I believe Aaron pointed that Falcons game out as an exception. He also noted the Bears game in '09. But yes, there are other games such as the 2009 Steelers game where the offense game through only to watch the defense let the Steelers march all the way down the field. So, it's not like they CAN'T do it. Furthermore, it's not like the offense is the only side of the ball that's at fault for the Packers' record in close games. (See Arizona and Steelers in '09). It just hasn't shown up on the scoreboard for one reason or another whether that's on Rodgers' (which it sometimes is, but not always), MM, Jones, penalties, special teams, etc. It's a number of factors in my view. And yes, I know that Rodgers had the ball in his hands during the OT period where he was stripped. But if the defense had done their job in the regular period, there wouldn't have been a need to even have OT. The offense made that game close in the first place.

I will admit that THIS year though, I would feel more comfortable with the defense on the field in the final minutes of the game. The offense has been so up and down this year, you don't really know what to expect. That said the ENTIRE team needs to be better in crunch time. The offense, the defense, the coaches, and the special teams.

By the way, I think close games are ones that are decided by one score or less. In other words, 7 points or less. 4 points is such an arbitrary number.

Asshalo's picture

A loss this weekend would mean the third playoff loss in a row against a team that Green Bay was arguably favored to beat. Even if they're not favored they need to start pulling some of these out. Though I ultimately think this comes down to McCarthy's legacy in the playoffs, many of the core players on this team have been on the team since 2007. It reflects just as poorly on them when they can't pull it out in crunch time. This year it's been the offense, but many many careless mistakes by the receiving core. Too many fumbles and missed routes. I will throw up Exorcist-style if we turn the ball over in on our first or second drive and immediately dig ourself a hole.
This team needs to start getting greedy because it's too talented to give another playoff game away.

PackersRS's picture

Like Ruppert said, Loss to the Pats was ST. Loss to the Falcons was ST. Loss to the Bears was ST. Those are the clear ones. Against WAS and MIA there were brutal errors that ended up costing the game as well.

That's 13-3, NFCN champions. And I'm not talking about great ST. I'm talking about ST being just good enough so it doesn't cost you a game.

Again, I'm gonna freaking beat the dead horse, but how many games do we have to lose because of ST per year so that we can have change? 3 games isn't enough?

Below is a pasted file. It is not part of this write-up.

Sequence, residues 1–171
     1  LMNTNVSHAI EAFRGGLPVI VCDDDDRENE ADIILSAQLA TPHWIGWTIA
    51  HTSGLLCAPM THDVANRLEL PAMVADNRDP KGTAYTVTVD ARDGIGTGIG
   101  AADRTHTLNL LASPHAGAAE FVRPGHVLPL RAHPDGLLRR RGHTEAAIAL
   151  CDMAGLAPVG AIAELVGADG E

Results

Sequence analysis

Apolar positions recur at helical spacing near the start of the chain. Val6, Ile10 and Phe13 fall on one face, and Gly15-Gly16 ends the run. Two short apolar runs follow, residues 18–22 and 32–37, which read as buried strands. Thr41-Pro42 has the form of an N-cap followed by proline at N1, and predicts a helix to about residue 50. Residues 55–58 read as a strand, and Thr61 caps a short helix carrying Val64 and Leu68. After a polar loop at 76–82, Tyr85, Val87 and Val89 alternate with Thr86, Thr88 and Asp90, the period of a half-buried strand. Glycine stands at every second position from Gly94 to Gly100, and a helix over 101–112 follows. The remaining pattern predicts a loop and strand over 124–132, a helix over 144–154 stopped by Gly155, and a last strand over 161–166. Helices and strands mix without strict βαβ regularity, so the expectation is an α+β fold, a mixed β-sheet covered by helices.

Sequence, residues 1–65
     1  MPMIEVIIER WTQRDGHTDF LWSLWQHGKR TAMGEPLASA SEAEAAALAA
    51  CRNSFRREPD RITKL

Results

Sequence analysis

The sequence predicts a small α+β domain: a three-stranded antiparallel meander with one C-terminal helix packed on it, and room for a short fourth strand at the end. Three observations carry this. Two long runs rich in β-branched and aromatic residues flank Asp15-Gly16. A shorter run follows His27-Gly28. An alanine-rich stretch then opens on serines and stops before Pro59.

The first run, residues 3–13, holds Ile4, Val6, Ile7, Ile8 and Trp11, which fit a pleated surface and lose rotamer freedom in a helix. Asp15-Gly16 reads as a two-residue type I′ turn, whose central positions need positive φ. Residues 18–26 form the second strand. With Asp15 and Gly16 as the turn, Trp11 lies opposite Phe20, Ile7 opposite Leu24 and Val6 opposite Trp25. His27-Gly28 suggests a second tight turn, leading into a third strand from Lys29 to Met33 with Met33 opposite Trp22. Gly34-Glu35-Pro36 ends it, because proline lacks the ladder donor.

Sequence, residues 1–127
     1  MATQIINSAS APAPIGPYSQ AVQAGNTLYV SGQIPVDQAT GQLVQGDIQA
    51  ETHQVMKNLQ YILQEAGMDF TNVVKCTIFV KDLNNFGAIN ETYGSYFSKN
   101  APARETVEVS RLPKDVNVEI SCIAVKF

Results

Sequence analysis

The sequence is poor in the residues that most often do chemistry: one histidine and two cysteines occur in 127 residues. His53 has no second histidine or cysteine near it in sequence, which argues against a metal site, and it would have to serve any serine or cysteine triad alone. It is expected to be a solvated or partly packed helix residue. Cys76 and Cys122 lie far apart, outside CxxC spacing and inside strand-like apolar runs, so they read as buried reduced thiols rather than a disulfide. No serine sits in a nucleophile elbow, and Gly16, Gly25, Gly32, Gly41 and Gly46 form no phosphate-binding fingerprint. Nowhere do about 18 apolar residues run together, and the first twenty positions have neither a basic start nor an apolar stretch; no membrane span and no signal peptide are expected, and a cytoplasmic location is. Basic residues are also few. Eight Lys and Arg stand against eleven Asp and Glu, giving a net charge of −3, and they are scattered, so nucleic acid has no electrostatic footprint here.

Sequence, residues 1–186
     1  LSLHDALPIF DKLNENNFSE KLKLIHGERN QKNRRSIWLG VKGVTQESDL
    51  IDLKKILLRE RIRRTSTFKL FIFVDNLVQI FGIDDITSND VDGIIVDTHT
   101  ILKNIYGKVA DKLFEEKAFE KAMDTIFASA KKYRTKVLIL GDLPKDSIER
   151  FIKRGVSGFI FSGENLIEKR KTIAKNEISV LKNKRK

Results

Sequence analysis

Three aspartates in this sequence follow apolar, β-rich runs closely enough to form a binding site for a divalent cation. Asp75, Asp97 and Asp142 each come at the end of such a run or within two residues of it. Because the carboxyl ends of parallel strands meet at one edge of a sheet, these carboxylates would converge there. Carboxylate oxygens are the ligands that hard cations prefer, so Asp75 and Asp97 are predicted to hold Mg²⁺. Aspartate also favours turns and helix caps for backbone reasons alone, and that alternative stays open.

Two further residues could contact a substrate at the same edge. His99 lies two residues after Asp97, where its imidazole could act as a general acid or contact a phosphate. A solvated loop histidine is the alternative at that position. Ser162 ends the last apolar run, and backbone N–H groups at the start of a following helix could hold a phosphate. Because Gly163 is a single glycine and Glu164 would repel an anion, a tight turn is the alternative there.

Cole's picture

If mike tomlin or Sean Payton were coaching we would be 15-1 or 14-2 that's how bad mccarthey campen slocum are. Starks consistently gets yards while Jackson runs into a wall and goes down yet he won't let him touch the ball? He's a fool in
some ways an it's maddening. How can u get Flynn to almost beat the pats yet some games with Rodgers we can barely score?

FITZCORE1252's picture

If by "Paper Tigers" he means "Superbowl Champions" in 4 weeks, then yes, yes we are "Paper Tigers". It's all about when you peak in this league, I really think the GBP will play their BEST/MOST INSPIRED/COMPLETE football of the season starting Sunday, and that will carry us through Atlanta and Chi or N.O. And that's not the blinders talking, this team is playing sound football. They saved their best for the postseason. I LOVE our chances.


davyjones's picture

Atta boy, Fitz!! I'm with you. Would our ST's really have been that awful if we hadn't been signing street FA's and suiting them up and playing them on ST's with next to no practice time??

I think not.

FITZCORE1252's picture

I don't know about you Davy, but I just have a feeling of uber confidence going into this game. No, it's not from all the blow-hards taking the fashionable pick (us), it's that I've watched this team all year.

I "KNOW" 2 things going into this game...

#1 - OUR DEFENSE WILL NOT GET EMBARASSED like last year. I guarantee it. I see Philly scoring in the 17-24 range, and they will not come easy. Our D (especially with Cullen back) has 15 weeks of tape to see what Vick's been doing. Dom will have the crew ready to ball the fuck out.

#2 - Our offense will score more than 24. PERIOD.

Pop quiz...

#2 minus #1 = a GBP victory by my calcs.

Oh, and we have Jackson's kryptonite... Masthay BABY!

We got this. And I already feel better about Atlanta than I do Philly. Don't let me get started about how EPIC it's gonna be to end the bares season at their house in front of their army of D-bags in the Conference championship... THE GBP BEING AWARDED THE HALAS TROPHY ON THE SOLDIER FIELD 50... PRICELESS. If anybody thinks I'm getting ahead of myself, well... I gots me a feelin'! I won't be shocked if it actually gets kinda ugly. I see several turnovers coming and I don't see their D hanging with our O (McDermott's aggressiveness will blow up in his face, watch).


FITZCORE1252's picture